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From: "Mark Millman" <Mark_Millman@hmco.com>
Subject: Re: (urth) Agia: Thief?
Date: Fri, 16 Oct 1998 14:14:39 

On 16 October 1998 at 5:00 PM GMT,
Robert Borski wrote:

> Re Agia as the Claw's thief. I've already
> stated I find this difficult to accept, and
> wonder what mantis or other proponents
> of the Agia-as-thief theory make of the
> following scene in SWORD. Sev wants
> the Claw back from the cacogens, and
> Barbatus asks, "If it is yours, where did
> you get it?"  Sev lays his Agia theory on
> him, but Barbatus seems almost incensed
> by this. "All this is speculation. You did not
> see this jewel upon the altar, nor did you
> feel the woman's hand when she gave it to
> you, if in fact she did. _Where did you get
> it?_" (p. 271, and these are Wolfe's italics,
> not mine.)
> Baldander's answer to the same question
> --'I got it from the drawer in a table'--also
> does not seem to satisfy Barbatus, and
> not much later Famulimus says to Sev, as
> they're walking to their timeship, "Though
> you did not now pass our test..."
> It seems to me that passing "the test"
> somehow involves correctly answering
> the question, "Where did you get it?" What
> think you?

I'm not convinced that the literal question "Where did
you get it?" is really at issue for Famulimus and Bar-
batus here.  I think it's the only way that they can ask
the real question without giving away the answer; if
Severian knows the answer, then the phrasing won't
throw him off, but if he doesn't have a clue (as he, in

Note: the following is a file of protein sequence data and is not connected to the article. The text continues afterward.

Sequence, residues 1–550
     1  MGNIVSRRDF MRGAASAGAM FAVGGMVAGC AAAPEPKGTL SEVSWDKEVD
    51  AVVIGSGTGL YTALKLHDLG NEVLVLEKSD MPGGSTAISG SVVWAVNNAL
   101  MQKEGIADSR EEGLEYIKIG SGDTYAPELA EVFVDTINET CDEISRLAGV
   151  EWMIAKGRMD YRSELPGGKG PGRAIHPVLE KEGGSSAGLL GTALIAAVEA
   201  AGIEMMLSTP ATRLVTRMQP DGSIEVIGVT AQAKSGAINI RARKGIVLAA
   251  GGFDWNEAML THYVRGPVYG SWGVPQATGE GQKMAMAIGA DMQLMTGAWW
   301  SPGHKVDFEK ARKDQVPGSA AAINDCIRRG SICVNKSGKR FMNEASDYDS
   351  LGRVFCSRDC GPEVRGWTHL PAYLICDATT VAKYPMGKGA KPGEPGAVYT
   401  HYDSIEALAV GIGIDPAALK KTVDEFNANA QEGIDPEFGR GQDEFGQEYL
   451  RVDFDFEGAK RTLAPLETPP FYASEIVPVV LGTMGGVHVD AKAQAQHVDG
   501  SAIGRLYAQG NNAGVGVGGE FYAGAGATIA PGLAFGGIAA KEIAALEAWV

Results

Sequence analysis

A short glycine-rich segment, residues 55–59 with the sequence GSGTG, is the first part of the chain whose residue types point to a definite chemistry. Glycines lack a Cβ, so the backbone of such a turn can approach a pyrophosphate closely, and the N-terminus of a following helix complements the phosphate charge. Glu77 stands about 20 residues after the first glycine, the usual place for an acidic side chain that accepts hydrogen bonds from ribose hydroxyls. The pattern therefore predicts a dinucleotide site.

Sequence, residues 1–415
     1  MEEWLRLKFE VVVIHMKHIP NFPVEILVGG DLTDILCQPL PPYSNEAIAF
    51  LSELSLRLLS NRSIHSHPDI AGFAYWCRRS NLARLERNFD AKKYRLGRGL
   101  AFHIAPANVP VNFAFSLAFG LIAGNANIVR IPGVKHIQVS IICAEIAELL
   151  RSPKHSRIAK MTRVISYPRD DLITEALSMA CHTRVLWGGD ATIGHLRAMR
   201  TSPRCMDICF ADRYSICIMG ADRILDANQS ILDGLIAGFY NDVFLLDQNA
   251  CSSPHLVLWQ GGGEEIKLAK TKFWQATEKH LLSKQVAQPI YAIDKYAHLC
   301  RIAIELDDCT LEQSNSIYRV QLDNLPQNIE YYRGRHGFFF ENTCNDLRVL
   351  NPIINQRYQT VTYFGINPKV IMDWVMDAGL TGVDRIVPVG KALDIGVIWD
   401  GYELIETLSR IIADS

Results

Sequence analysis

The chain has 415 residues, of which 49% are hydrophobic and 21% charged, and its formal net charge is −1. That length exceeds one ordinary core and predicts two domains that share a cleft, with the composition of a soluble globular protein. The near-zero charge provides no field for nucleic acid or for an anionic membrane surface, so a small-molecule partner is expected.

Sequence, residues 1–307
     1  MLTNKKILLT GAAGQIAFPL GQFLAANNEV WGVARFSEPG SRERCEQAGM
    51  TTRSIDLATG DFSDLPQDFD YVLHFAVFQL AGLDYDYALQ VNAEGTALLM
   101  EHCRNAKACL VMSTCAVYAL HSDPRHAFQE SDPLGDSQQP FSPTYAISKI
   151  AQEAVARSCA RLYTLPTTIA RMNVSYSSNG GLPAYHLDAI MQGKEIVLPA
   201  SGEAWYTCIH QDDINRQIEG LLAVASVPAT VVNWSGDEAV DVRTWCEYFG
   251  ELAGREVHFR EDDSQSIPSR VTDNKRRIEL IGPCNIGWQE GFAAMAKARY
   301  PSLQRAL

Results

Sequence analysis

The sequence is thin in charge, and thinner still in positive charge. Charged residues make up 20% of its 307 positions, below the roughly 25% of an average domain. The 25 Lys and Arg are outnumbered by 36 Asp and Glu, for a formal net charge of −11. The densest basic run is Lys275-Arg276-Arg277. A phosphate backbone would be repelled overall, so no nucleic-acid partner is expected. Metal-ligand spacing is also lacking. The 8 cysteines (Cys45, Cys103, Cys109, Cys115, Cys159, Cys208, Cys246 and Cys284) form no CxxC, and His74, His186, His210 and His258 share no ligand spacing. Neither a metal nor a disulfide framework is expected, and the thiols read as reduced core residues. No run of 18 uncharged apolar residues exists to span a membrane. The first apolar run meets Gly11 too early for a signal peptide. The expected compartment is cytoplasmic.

fact, proves he hasn't), then he'll try to answer it as
it stands.  Any physical answer--"Agia planted it",
"it was in the drawer", even "well, it just appeared
there one day"--is going to be incorrect.  The correct
answer is something like, "It's a part of me."  But as
Severian doesn't yet recognize this, he can't pass
the test.

Remember also that the Pelerines search Agia be-
cause she looks guilty to them, and don't bother
with Severian because he appears plainly to be an
innocent.  There's more to it than just appearances,
too; if I recall correctly, mention is made of the chief
Pelerine's (is she a Mother Superior?) ability to see
the truth regardless of circumstance.

> FLOWERS. I have a copy of the
> non-deluxe edition I'll let go for $175.00.
> It is a nice book, but perhaps too much
> so--I'm afraid to handle it, fearing finger-
> prints or drool may soil it.

Drool, Robert?  If you love the book that much, I'm
surprised that you're willing to let it go at all.

> Robert Borski

Mark Millman

*More Wolfe info & archive of this list at http://www.urth.net/urth/

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